Australia’s top court says it's legal to hold refugees in island detention camps

A group of around twenty protesters occupy Australian Prime Minister Malcolm Turnbull's electoral office, demanding the end to the policy of offshore detention of asylum seekers, in the Sydney suburb of Edgecliff, Australia, on Oct. 14, 2015.

A group of around 20 protesters occupy Australian Prime Minister Malcolm Turnbull's electoral office, demanding the end to the policy of offshore detention of asylum seekers, in the Sydney suburb of Edgecliff, Australia, on Oct. 14, 2015.

Many Australians are outraged after the country's top court ruled on Wednesday that the federal government’s controversial policy of holding asylum seekers in offshore detention centers was legal.

Wednesday's High Court decision means more than 250 people currently in Australia, including 37 babies born in the country, can be sent to the Pacific island nation of Nauru as early as this weekend.

Among those facing deportation are women who have been sexually assaulted and a 5-year-old boy who was allegedly raped at the Nauru center before he was brought to the mainland for medical treatment.

Using the hashtag #LetThemStay, human rights lawyers, politicians, religious groups and ordinary people flooded Facebook and Twitter with messages of shock, anger and disbelief at the 6-1 majority ruling.

Many of the posts are urging people to attend nationwide protests on Thursday to ramp up pressure on the government to let the asylum seekers remain in Australia. They're also calling for the government to close the offshore detention centers on Papua New Guinea’s Manus Island and Nauru, where more than 1,400 people are being held. 

Daniel Webb on Twitter

“Look at these babies faces, think about what we all know happens on Nauru — molestation and rape, illness and neglect, murder. See you on the streets tomorrow,” Domani Madigan wrote on Facebook.

Richard Di Natale on Twitter

“Imagine if it was your child, brother, sister, niece or nephew,” Matthew Richards also posted on Facebook.

Kate Moon on Twitter

“Not illegal. Still immoral. Offshore detention is systematic cruelty perpetrated on our behalf and we condone it with our silence. Sign petitions, attend protests, let our government know that this is not what we want,” Joel Holwerda said on Facebook.

Common Grace on Twitter

The High Court case was brought on behalf of a Bangladeshi woman who had been detained on Nauru before being sent to Australia for medical treatment, where she gave birth to a baby girl.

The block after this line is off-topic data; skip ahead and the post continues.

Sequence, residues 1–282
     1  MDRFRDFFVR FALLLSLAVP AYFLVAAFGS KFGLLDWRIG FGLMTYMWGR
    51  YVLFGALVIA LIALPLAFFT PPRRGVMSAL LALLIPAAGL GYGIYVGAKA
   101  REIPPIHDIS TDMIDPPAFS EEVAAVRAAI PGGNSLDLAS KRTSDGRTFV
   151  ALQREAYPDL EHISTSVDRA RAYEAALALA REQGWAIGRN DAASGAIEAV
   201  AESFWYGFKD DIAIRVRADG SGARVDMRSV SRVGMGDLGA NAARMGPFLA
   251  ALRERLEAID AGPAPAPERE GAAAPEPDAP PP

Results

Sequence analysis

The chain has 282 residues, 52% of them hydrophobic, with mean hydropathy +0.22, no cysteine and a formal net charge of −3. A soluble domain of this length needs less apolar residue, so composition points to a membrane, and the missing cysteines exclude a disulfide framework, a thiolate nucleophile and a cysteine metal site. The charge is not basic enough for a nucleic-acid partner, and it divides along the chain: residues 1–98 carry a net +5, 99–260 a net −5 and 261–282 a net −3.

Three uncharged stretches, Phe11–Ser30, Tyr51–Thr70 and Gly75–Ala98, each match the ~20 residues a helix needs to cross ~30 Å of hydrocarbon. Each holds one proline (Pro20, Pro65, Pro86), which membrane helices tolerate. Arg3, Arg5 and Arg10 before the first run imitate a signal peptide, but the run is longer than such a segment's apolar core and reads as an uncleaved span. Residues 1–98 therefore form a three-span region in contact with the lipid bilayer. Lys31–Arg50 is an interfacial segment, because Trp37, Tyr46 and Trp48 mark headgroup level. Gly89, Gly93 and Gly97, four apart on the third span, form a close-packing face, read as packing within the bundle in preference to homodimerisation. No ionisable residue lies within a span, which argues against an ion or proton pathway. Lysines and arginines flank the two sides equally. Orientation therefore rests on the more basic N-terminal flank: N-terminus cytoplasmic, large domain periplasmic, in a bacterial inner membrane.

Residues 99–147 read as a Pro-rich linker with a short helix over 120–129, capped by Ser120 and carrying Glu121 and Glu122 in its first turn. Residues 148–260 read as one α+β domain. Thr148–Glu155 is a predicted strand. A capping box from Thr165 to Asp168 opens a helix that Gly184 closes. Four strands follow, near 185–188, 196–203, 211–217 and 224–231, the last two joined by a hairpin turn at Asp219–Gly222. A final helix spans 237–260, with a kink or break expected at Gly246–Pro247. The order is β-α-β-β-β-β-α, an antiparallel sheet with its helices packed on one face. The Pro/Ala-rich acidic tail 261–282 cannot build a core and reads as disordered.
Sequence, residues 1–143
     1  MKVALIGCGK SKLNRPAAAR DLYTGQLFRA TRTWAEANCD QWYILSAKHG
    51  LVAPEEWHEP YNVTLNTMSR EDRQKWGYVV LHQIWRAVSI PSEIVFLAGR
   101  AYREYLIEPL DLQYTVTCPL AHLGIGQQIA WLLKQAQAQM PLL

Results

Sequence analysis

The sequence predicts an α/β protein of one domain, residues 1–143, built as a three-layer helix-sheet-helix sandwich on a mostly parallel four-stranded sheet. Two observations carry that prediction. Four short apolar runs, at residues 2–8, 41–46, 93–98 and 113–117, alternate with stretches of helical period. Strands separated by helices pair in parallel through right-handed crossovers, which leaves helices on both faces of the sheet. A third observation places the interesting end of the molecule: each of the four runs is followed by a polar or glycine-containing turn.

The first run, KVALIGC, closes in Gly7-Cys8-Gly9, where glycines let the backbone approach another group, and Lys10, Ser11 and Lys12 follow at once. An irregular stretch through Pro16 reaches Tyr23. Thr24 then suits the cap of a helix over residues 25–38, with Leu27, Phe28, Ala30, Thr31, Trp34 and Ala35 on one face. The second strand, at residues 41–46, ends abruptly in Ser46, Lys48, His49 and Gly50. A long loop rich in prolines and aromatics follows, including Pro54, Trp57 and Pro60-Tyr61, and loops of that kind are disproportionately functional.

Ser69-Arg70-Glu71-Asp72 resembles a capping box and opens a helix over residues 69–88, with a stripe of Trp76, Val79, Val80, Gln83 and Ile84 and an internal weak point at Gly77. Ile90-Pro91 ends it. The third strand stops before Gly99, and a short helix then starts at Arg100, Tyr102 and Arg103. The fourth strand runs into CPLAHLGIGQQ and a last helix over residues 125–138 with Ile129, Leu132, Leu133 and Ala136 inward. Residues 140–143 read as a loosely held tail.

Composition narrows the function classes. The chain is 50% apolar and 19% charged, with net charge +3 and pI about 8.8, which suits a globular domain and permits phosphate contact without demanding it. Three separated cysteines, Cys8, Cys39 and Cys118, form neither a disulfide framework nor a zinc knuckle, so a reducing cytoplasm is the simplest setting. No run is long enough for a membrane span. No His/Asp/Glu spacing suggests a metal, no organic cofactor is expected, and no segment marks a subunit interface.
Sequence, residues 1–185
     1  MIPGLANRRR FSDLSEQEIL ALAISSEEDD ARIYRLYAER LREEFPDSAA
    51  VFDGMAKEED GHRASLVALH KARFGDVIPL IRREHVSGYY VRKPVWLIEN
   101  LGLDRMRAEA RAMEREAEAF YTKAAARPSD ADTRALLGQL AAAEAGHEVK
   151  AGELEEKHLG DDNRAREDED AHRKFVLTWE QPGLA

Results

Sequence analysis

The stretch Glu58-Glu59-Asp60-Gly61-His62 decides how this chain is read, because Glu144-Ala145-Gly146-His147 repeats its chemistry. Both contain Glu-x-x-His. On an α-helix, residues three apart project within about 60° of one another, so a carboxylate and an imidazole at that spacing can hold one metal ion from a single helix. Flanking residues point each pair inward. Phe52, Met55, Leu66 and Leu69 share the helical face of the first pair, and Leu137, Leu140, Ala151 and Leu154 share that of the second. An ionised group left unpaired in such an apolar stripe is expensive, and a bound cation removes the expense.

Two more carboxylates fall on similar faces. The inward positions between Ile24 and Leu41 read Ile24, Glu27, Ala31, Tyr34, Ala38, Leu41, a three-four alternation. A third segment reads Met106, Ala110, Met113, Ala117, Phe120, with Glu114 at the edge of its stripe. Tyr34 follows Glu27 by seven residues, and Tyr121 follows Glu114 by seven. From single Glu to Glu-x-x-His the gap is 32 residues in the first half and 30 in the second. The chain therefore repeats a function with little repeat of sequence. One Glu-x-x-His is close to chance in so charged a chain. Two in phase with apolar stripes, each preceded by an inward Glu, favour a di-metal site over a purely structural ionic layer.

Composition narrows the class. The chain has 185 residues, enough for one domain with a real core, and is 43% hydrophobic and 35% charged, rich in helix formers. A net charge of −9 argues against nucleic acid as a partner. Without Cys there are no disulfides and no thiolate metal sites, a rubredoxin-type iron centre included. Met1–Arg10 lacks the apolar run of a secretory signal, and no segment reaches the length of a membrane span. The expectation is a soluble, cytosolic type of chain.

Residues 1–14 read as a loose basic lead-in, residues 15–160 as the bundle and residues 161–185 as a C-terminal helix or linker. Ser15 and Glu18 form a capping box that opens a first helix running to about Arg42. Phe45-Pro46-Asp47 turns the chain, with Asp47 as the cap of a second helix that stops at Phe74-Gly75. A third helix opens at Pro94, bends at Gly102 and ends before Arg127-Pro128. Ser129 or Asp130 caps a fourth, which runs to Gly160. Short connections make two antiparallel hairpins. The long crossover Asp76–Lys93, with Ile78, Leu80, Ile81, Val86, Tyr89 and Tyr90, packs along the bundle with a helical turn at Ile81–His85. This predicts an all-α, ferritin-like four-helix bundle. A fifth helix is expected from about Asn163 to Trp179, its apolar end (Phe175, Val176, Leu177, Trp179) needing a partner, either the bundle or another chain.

In an attempt to stop authorities from sending the woman back to the island, lawyers mounted a legal challenge, arguing it was unconstitutional for the Australian government to fund and operate detention centers in another country.

But during the nine-month-long court case the government amended and passed laws with bipartisan support to make sure the funding of the centers was legally watertight.

The appalling conditions inside Australia's offshore detention centers and the deteriorating mental health of many of the people held there — some of whom have been in detention for years hoping to be allowed into Australia — are well documented and have drawn scathing criticism from the United Nations and other human rights organizations, which accuse the government of breaching international laws.

There have been reports of torture, murder, sexual abuse and rape inside the camps, but whistleblowers risk criminal prosecution if they speak out under tough laws that came into force last year. 

A UN report found detainees were being held in "cruel," "inhuman" and "degrading" conditions, and even Australian lawmakers said conditions on Nauru were not "appropriate or safe" for detainees. 

Yet the government insists its tough border-control policies — which include turning back people-smuggling boats trying to reach Australia, and resettling people found to be genuine refugees in Papua New Guinea or Cambodia — have saved lives by deterring people from making the dangerous journey and drowning at sea.

"The people smugglers will not prevail over our sovereignty," Prime Minister Malcolm Turnbull told parliament after the High Court decision was announced.

"Our borders are secure. The line has to be drawn somewhere and it is drawn at our border."